Washington state makes 7: Governor signs gay marriage law


"My friends, welcome to the other side of the rainbow!" state Sen. Ed Murray declared Monday as Washington became the seventh state in the nation to legalize same-sex marriage.

In a boisterous ceremony at the state Capitol in Olympia, Gov. Christine Gregoire -- a Catholic who weathered strong opposition, including a last-minute "action alert" from the state's Catholic Church leadership -- signed legislation to give same-sex couples the same right to a marriage license as anyone else.

"Look into your hearts and ask yourselves: 'Isn't it time?' " said Gregoire, as cheering supporters chanted "Thank you! Thank you! Thank you!"

"We did what was just. We did what was fair. We stood for equality, and we did it together, Republicans and Democrats, gay and straight, young and old, and a number of our faith organizations. I'm proud of who and what we are as a state," the governor said.

MAP: Gay rights timeline

There was a decidedly festive mood at the statehouse, where the debate in the state Legislature -- which approved the bill on split votes in both houses -- had been measured, lacking the name-calling and fireworks that often characterizes the issue.

The legislation exempts churches, religious institutions and members of the clergy from participating in same-sex marriages if it goes against their beliefs -- a compromise aimed at hundreds of churches whose members phoned and emailed lawmakers in an attempt to defeat the bill. Several faith organizations signed on in support of the measure, however, Gregoire noted.

"Years from now, our kids will look back and wonder what all the fuss was about, but those of us who lived through the last 20 years appreciate how challenging this has been," said state Sen. Jamie Pedersen, who sponsored the bill through its contentious charge through the Legislature. On Monday, he introduced onlookers to his "future husband," a former high school administrator who stood on the sidelines cradling one of the couple's four children.

The issue is far from over, however. Conservative and religious leaders have vowed to begin collecting signatures on a referendum to overturn the new law. The statute, slated to take effect on June 7, would be held in abeyance if referendum proponents succeed in placing it on the November ballot.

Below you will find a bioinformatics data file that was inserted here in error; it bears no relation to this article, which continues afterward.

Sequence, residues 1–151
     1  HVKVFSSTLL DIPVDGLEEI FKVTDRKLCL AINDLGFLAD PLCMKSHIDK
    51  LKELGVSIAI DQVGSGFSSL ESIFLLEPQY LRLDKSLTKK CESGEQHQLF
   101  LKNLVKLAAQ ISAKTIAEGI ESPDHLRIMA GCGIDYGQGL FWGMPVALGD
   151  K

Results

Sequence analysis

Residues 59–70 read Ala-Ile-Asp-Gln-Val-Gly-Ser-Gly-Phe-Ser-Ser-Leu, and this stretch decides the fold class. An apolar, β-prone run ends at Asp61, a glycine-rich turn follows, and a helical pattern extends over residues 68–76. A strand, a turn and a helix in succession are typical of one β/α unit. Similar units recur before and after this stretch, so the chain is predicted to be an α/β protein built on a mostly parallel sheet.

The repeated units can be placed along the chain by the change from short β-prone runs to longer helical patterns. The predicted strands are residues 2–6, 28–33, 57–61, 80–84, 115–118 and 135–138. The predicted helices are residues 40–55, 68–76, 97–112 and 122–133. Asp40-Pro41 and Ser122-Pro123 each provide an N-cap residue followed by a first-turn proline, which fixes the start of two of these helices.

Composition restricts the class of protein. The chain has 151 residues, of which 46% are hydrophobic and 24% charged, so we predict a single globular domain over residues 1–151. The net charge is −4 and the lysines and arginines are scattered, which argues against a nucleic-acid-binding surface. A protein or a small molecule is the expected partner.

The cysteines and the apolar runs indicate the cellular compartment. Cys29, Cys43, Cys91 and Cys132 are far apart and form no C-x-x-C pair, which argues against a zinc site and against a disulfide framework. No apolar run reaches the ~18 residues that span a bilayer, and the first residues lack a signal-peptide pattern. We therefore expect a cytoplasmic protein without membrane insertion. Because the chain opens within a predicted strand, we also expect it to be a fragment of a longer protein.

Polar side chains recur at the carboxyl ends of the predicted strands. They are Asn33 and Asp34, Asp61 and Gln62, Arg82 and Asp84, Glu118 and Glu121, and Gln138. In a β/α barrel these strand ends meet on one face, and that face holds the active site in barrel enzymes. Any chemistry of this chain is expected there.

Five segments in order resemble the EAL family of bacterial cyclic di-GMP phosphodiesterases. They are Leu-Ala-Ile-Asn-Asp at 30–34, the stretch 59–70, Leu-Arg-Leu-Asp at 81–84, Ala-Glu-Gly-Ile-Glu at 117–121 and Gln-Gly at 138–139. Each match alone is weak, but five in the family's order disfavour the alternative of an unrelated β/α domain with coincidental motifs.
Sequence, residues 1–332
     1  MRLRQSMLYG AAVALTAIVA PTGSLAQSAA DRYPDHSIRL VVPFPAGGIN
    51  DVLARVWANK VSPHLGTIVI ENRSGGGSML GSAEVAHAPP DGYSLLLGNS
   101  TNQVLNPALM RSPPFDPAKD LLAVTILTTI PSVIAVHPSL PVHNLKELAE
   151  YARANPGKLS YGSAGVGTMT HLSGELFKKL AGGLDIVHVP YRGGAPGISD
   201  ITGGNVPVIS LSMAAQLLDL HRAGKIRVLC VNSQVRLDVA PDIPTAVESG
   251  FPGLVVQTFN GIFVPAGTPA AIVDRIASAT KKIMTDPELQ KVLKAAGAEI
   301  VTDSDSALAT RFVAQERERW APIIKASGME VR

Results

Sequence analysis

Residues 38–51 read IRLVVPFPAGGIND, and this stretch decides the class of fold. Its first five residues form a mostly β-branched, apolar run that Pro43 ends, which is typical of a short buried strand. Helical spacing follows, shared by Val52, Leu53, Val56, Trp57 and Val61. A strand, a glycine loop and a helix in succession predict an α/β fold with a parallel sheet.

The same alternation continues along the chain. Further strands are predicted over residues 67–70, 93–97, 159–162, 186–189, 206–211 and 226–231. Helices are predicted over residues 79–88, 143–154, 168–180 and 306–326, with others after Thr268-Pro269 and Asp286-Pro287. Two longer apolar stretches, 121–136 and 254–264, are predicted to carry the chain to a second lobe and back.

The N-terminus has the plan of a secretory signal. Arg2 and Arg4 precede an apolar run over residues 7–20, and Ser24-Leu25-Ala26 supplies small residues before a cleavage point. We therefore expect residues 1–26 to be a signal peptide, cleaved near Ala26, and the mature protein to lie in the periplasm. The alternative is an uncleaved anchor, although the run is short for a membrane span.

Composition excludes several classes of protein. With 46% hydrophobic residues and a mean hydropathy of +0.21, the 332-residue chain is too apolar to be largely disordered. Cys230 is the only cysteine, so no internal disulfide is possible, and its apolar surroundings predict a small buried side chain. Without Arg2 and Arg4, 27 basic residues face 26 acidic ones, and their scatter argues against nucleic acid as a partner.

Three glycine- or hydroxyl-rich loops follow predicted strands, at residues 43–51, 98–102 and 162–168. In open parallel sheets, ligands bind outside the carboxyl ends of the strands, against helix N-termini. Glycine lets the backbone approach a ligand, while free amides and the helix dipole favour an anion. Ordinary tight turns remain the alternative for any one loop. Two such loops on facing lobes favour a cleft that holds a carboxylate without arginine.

"Much hangs in the balance over the next few months. This is a time for people of faith to work together," Gary Randall, president of the Faith & Freedom Network, said in an appeal to supporters. He added in another statement: "This is a dark day for people of faith and those who honor natural, traditional marriage. It is a tipping point for the state."

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9/11 anniversary: Obamas honor sacrifice of Flight 93


President Obama placed a wreath at the memorial for those who died in Shanksville, Pa., where one of the four jets hijacked on Sept. 11, 2001, crashed after passengers and crew fought fought back and prevented it from reaching its target in the nation’s capital.

For the president and First Lady Michelle Obama, the ceremony Sunday was the second stop on a day of mourning, commemoration and echoes of past unity in a crisis. From Pennsylvania, the first couple was headed to a ceremony at the Pentagon, the third terror memorial site, before finishing at the Concert for Hope at the Kennedy Center.

The president, who read from Psalm 46 at his first stop, the site of the World Trade Center, will deliver remarks Sunday night at the Kennedy Center. He did not publicly speak in Pennsylvania and was not scheduled to speak at the Pentagon ceremony, the second of the day there.

Full coverage: A nation remembers

In Pennsylvania the Obamas visited the Wall of Names, where each of 40 marble slabs is inscribed with the name of a victim of the crash of United Airlines Flight 93.

The president and first lady placed a wreath of white flowers in front of the wall, bowing their heads in silence for a moment. When they walked to the crowd to shake hands, the mood shifted. Some broke out in a chant of “U-S-A!”  One man yelled, “Thank you for getting Bin Laden!”

The Obamas spent roughly an hour at the site, having photos taken, shaking hands and talking with family members of victims.

But even on a day of unity and remembrance, politics was not too far off. As the president approached, Rosemary Archer, a cashier at Wal-Mart from Centerville, Pa., asked the president if her Social Security payment was safe.

“It’s going to be there. You don’t have to worry about it,” the president said.

On that late summer day a decade ago, 19 hijackers associated with Al Qaeda seized four passenger jets. Two crashed into New York’s World Trade Center, whose two iconic towers collapsed within hours. One jet was crashed into the Pentagon.

The fourth, Flight 93, fell into a field near Shanksville after the passengers and crew fought to recapture the plane from the hijackers. The plane went down 20 minutes by air from Washington, where the hijackers are believed to have been planning to hit the Capitol or the White House.